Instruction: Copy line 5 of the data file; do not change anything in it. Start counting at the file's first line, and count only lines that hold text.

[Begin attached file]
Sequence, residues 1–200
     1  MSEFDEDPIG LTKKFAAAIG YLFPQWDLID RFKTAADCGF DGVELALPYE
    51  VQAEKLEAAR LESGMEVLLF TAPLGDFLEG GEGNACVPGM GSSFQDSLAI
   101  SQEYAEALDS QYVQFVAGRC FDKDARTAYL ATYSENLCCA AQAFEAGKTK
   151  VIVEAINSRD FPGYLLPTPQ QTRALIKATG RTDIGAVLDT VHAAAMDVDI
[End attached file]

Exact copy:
   151  VIVEAINSRD FPGYLLPTPQ QTRALIKATG RTDIGAVLDT VHAAAMDVDI